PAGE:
Yes, I think we’ve all played that at some point. Someone inevitably says it’s in D, so you just ignore them and play it as normal ;).

    ...the only problem is that some of you think it ends on the D and some on the G, so round we go again!
    "Take these three items, some WD-40, a vise grip, and a roll of duct tape. Any man worth his salt can fix almost any problem with this stuff alone."
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  • JalapenoJalapeno Frets: 3416
    Being nearly a foot taller than the other two in the front has been problematic - my monitor needs to be further away or I have to stand even closer to the noisy drummist :/  

    Got my own vocal IEM (splitting the mic feed, and straight to my ear). No band mix, but I can hear some approximation  from onstage spill.
    Imagine something sharp and witty here ......

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  • RolandRoland Frets: 2106
    Danny1969 said:

    Generally wedge monitors are a tool for fighting volume with more volume ..... 
    Now that we’ve got a digital desk, with individual IEM mixes, we’ve given up on wedge monitors. The only thing I miss is the ability to make my guitar feedback when I want it to.
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  • John_AJohn_A Frets: 1578
    Roland said:
    Danny1969 said:

    Generally wedge monitors are a tool for fighting volume with more volume .....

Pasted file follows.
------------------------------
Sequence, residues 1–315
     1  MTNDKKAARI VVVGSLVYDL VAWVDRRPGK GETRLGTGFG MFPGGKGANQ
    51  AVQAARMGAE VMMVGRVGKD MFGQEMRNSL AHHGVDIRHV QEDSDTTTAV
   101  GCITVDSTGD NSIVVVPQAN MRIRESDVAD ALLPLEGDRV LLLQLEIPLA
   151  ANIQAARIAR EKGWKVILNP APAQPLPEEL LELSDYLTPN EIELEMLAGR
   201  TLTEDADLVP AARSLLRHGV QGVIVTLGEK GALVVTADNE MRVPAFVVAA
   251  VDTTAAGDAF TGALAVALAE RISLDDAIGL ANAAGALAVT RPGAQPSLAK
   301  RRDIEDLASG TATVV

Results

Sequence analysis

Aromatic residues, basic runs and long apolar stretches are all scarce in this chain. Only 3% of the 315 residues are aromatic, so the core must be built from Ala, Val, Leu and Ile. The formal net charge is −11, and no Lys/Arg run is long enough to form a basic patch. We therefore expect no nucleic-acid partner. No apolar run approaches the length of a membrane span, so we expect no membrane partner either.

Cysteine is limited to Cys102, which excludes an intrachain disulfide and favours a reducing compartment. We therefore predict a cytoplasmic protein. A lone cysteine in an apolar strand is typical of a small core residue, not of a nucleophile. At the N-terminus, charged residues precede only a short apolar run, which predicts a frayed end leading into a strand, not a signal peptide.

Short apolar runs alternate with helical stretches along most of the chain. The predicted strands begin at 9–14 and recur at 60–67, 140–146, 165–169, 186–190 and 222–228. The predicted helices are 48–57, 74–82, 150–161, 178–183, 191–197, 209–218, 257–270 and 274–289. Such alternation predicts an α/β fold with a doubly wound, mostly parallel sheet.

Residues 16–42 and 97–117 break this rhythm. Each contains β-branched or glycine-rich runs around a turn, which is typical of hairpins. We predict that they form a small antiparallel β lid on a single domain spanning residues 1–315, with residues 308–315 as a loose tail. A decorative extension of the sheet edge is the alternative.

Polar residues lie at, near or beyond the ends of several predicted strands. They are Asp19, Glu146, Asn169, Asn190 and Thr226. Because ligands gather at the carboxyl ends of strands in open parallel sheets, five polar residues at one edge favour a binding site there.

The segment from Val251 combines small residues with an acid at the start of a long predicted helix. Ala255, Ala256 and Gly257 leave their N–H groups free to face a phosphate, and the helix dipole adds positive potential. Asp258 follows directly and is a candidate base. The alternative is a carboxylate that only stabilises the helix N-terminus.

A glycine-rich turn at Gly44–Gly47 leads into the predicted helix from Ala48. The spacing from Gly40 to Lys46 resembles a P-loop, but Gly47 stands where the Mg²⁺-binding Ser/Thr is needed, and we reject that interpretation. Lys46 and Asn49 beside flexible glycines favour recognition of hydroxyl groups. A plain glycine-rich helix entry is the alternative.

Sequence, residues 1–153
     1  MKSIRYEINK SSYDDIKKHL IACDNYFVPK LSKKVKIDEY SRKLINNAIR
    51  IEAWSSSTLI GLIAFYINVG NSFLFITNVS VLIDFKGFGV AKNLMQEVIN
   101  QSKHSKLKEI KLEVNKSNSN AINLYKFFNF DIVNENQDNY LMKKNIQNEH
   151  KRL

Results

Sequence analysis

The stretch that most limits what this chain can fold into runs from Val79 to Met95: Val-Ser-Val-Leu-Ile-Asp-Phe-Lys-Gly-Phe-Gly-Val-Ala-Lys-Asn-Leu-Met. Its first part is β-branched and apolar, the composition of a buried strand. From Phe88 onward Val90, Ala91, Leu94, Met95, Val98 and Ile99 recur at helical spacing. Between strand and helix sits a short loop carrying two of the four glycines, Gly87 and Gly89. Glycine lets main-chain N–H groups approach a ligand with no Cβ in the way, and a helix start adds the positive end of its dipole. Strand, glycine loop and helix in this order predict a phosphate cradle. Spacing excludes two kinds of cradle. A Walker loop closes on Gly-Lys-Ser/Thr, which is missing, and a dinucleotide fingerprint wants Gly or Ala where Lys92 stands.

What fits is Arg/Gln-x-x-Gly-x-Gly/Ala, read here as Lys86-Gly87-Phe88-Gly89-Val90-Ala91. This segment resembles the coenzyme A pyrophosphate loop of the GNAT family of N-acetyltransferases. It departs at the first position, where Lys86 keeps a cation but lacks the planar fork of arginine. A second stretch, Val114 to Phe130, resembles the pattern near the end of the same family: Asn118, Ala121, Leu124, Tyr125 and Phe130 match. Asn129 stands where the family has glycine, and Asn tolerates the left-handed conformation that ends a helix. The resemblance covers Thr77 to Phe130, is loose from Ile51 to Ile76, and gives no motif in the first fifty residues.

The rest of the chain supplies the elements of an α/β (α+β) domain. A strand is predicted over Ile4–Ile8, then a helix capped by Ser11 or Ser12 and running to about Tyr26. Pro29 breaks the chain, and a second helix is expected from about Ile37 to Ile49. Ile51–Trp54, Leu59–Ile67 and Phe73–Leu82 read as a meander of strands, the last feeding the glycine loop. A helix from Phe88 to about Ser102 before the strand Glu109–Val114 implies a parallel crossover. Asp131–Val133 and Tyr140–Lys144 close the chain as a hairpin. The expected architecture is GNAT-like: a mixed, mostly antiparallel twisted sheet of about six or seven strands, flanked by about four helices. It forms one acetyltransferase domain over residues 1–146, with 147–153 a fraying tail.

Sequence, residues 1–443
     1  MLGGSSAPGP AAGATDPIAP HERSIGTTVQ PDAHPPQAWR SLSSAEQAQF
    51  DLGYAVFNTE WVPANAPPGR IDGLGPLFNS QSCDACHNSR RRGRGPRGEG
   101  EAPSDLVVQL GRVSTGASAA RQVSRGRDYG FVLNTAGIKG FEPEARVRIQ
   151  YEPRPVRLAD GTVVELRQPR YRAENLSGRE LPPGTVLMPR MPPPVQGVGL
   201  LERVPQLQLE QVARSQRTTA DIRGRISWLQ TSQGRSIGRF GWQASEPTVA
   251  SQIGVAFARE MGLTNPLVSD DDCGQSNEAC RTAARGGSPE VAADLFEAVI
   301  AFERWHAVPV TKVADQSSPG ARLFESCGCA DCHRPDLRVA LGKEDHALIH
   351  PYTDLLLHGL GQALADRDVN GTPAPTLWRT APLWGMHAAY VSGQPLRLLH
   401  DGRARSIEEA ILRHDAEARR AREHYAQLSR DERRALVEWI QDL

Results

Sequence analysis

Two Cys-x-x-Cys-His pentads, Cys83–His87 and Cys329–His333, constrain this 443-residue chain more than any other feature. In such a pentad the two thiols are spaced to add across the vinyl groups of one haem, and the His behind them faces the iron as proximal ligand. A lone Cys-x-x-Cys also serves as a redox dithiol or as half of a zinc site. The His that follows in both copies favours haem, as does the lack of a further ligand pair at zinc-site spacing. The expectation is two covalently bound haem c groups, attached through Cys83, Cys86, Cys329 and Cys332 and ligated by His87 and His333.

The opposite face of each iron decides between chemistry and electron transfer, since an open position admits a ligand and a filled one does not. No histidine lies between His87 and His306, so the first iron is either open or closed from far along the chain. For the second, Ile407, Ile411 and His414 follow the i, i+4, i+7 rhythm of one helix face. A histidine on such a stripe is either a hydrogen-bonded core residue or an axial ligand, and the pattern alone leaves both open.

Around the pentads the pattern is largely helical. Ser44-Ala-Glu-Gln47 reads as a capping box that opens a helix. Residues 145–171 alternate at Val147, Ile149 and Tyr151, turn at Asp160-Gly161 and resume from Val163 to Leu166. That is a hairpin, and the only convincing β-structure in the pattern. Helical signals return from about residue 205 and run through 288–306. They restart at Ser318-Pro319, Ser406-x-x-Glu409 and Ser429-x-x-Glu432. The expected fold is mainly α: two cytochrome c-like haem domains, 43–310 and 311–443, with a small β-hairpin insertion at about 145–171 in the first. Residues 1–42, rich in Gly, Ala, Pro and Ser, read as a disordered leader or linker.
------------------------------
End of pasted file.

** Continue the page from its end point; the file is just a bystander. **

Now that we’ve got a digital desk, with individual IEM mixes, we’ve given up on wedge monitors. The only thing I miss is the ability to make my guitar feedback when I want it to.
    This exactly - We still use wedges currently, set up the monitor levels and it sounds great, set up the FOH and that sounds great, put them both on and it's feedback city!  Moving to IEM's
    Do me a favour and like this:

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  • vizviz Frets: 5024
    Danny1969 said:
    viz said:
    Gulliver said:
    I used to gig with 2 bands that did the same song, but in different keys. So I taped index cards with the chords to the monitors.  Can't do that with in-ears!!
    I was in a band that played one particular song in two different keys, at the same time! The bassist and rhythm guitarist played it in G; the keyboardist and I played it in D. It sounded fine. 
    Sweet Home :)

    :) you got it :)
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  • vizviz Frets: 5024
    ICBM said:
    Danny1969 said:
    viz said:

    I was in a band that played one particular song in two different keys, at the same time! The bassist and rhythm guitarist played it in G; the keyboardist and I played it in D. It sounded fine. 
    Sweet Home :)
    Yes, I think we’ve all played that at some point. It’s in D.
    Corrected
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  • ICBMICBM Frets: 33342
    viz said:
    ICBM said:

    Yes, I think we’ve all played that at some point. It’s in G.
    Corrected by the guy who wrote it :). It ends on the G, anyway - unless someone tries to go round again ;).

    I think technically it's a G Lydian scale, but you would probably know more about that than me...
    "Take these three items, some WD-40, a vise grip, and a roll of duct tape. Any man worth his salt can fix almost any problem with this stuff alone."
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  • BranshenBranshen Frets: 832
    viz said:
    I only use a wedge live now, miced up. No other cab. So I can put my foot on it, hear my guitar part, and have it mixed into the mix. 
    Are you ampless now? What do you use as a replacement?